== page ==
The appeal is a lack of (most) compromises

The utility of an otherwise largely uncompromised crossover takes the sting out of some of the efficiency concerns. As noted above, if you want a larger PHEV crossover, this is the only game in town (if you discount the PHEVs from European luxury manufacturers). From the outside, it looks just like a normal Outlander, provided you skip the $285 accessory body stripes. And without the stripes, the only giveaways are fairly sizable "Plug-In Hybrid EV" badges and an extra fuel door. As such, you're getting a popular SUV body with no concessions to make it look distinctively green.

2018 Mitsubishi Outlander PHEV

Inside, you also get the same roomy crossover interior as a normal Outlander, particularly in the cargo department. Behind the second-row seats, the Outlander PHEV has 30.4 cubic feet of space, just about 4 cubes shy of the normal model. Behind the front seats, the Outlander PHEV is listed as actually having more cargo space than the normal model. The only potential drawback is that the PHEV doesn't offer optional third-row seating, but as that's a rarity for vehicles this size, it's a nominal loss.

And of course the interior feels totally normal, too. Everything is lifted right out of a standard Outlander except the shifter — which is a rather strange-looking electronic monostable shifter — and the replacement of the tachometer with a power usage meter. That's bad in the sense that the Outlander's interior is pretty low rent, with cheap plastics and a design that dates back to 2012. But it's good in the sense that it's fairly unintimidating or overly futuristic for those who simply want a normal car with hybrid capabilities. It also, thankfully, features standard Apple CarPlay and Android Auto on an average 7-inch touchscreen. The touch buttons on the far right of the screen are a bit annoying, though. At least it has a real volume knob, unlike the Mitsubishi Eclipse Cross.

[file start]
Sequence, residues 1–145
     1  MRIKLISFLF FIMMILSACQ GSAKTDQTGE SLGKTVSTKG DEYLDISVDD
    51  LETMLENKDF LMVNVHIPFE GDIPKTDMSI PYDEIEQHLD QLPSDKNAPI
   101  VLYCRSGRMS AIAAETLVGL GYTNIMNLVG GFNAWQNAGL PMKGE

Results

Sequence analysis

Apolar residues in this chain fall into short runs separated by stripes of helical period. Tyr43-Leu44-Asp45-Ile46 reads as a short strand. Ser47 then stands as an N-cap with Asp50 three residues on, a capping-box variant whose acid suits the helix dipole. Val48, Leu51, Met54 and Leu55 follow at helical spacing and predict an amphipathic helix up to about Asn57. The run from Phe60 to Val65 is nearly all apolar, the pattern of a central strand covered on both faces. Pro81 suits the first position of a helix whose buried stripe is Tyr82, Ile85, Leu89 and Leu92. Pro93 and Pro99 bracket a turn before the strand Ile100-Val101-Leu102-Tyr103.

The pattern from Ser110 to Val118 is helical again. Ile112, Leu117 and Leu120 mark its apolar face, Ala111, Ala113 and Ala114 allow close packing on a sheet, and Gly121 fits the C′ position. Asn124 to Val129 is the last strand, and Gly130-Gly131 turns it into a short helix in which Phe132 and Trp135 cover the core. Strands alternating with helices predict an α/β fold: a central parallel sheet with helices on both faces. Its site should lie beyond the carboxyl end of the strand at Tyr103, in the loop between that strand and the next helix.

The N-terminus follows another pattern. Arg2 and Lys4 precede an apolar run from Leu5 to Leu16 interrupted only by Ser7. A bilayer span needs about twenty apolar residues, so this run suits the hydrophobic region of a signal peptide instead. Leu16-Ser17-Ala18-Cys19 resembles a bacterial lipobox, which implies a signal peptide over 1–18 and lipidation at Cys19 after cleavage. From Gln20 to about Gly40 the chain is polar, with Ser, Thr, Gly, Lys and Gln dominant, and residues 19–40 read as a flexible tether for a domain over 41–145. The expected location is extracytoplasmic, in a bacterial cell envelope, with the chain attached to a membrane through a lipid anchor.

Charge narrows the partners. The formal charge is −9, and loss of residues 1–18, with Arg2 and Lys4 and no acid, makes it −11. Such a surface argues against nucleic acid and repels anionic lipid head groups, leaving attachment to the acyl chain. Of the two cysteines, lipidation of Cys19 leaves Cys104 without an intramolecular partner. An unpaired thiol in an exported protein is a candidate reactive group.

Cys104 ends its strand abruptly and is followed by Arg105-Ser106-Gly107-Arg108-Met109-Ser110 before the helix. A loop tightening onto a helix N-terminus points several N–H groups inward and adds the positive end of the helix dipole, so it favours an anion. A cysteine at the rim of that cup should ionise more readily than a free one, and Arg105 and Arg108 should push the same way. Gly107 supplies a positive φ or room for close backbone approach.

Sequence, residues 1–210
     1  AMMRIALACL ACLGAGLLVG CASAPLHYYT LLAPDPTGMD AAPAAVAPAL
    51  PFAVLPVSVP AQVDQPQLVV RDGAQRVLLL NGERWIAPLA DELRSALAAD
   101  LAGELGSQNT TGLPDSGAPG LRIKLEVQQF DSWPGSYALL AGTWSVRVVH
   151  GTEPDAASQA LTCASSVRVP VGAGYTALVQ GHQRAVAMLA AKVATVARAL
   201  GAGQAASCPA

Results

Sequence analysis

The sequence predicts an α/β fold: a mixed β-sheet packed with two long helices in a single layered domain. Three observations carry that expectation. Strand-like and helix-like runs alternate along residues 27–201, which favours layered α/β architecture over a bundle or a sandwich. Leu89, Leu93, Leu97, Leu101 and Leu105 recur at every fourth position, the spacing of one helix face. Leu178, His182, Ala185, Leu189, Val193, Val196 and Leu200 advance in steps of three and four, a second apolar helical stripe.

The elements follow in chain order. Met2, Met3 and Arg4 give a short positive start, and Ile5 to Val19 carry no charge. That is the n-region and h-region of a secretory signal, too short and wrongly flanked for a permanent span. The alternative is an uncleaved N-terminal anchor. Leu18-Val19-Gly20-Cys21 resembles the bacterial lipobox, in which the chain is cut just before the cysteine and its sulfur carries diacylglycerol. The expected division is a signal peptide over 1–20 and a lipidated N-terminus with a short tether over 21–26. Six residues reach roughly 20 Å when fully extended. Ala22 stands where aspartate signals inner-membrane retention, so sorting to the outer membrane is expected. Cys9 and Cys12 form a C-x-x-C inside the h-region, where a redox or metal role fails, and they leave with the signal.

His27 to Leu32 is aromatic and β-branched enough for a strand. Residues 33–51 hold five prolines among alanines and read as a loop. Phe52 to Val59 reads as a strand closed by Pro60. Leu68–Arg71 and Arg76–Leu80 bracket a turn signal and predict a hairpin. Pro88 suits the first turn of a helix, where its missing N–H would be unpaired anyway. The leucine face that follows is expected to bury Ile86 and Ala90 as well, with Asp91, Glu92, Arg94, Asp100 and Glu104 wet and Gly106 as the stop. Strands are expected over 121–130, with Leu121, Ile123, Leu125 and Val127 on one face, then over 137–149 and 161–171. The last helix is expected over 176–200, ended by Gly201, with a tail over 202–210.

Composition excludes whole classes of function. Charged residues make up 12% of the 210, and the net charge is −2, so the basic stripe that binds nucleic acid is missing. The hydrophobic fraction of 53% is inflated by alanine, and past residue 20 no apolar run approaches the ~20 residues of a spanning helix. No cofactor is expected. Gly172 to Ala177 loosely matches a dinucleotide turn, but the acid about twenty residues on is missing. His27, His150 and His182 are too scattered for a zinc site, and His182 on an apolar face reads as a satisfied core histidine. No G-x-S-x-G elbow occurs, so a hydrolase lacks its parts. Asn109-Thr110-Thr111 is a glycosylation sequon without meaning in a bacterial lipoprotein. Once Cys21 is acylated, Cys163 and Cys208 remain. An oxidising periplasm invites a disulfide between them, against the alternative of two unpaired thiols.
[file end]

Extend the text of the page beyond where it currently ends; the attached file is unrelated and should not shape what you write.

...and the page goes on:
Fit and finish complaints aside, the Outlander PHEV has reasonably supportive seats and a high seating position with a good view out. You even get a rather trick feature with the hybrid that should make you a favorite at tailgate parties: The Outlander can function as a portable battery providing 1,500 watts of power for whatever you're bringing along, such as a TV or blender.

The driving experience is pleasant as well. In addition to the smooth and responsive powertrain, the Outlander PHEV has superb cruising capabilities. The ride is supple, softening every bump and keeping the body and occupants as steady as the drip from that faucet you promised yourself you'd fix six months ago. The cabin is very quiet, too, aided by the aforementioned hybrid engine and motors. If you're looking for a sporty, fun-to-drive crossover, though, you should look elsewhere. There's quite a bit of body roll in corners, and the steering, while weighted well, is vague and slow. The front isn't particularly eager to turn in either. But not every car has to be sporty, because plenty of people just want something comfortable, and the Outlander PHEV delivers.

2018 Mitsubishi Outlander PHEV

Pricing is par for the course

The entry-level Mitsubishi Outlander PHEV is actually a higher-trim level on normal models. It's the SEL with all-wheel drive, and in non-hybrid form, it would start at about $29,000. The hybrid adds a fair amount of cost to that price, giving the Outlander PHEV a starting price of $35,915 before federal ($5,386) and possible state incentives. Though that isn't cheap, it is similar to that of the Chevy Volt and Honda Clarity. The Niro PHEV is much cheaper at $28,840, but it's also smaller.


What the Mitsubishi Outlander PHEV is, is an Outlander with a lot of gravy. It takes the strengths of the standard crossover, such as its practicality, crossover styling, pleasant ride characteristics, and attainable (if not super-cheap) pricing, and slathers on a futuristic hybrid system that has usable EV-only range. But because it's an Outlander with gravy, it also comes with the Outlander's weaknesses, such as its outdated interior, mediocre handling, and sub-par gasoline-only fuel economy, the latter being an issue when comparing it to similarly-priced PHEV sedans. But if you've been wanting a taste of the plug-in hybrid electric life, but simply haven't been able to give up the style or practicality of a small to midsize crossover, the Outlander is a very compelling package for a reasonable price.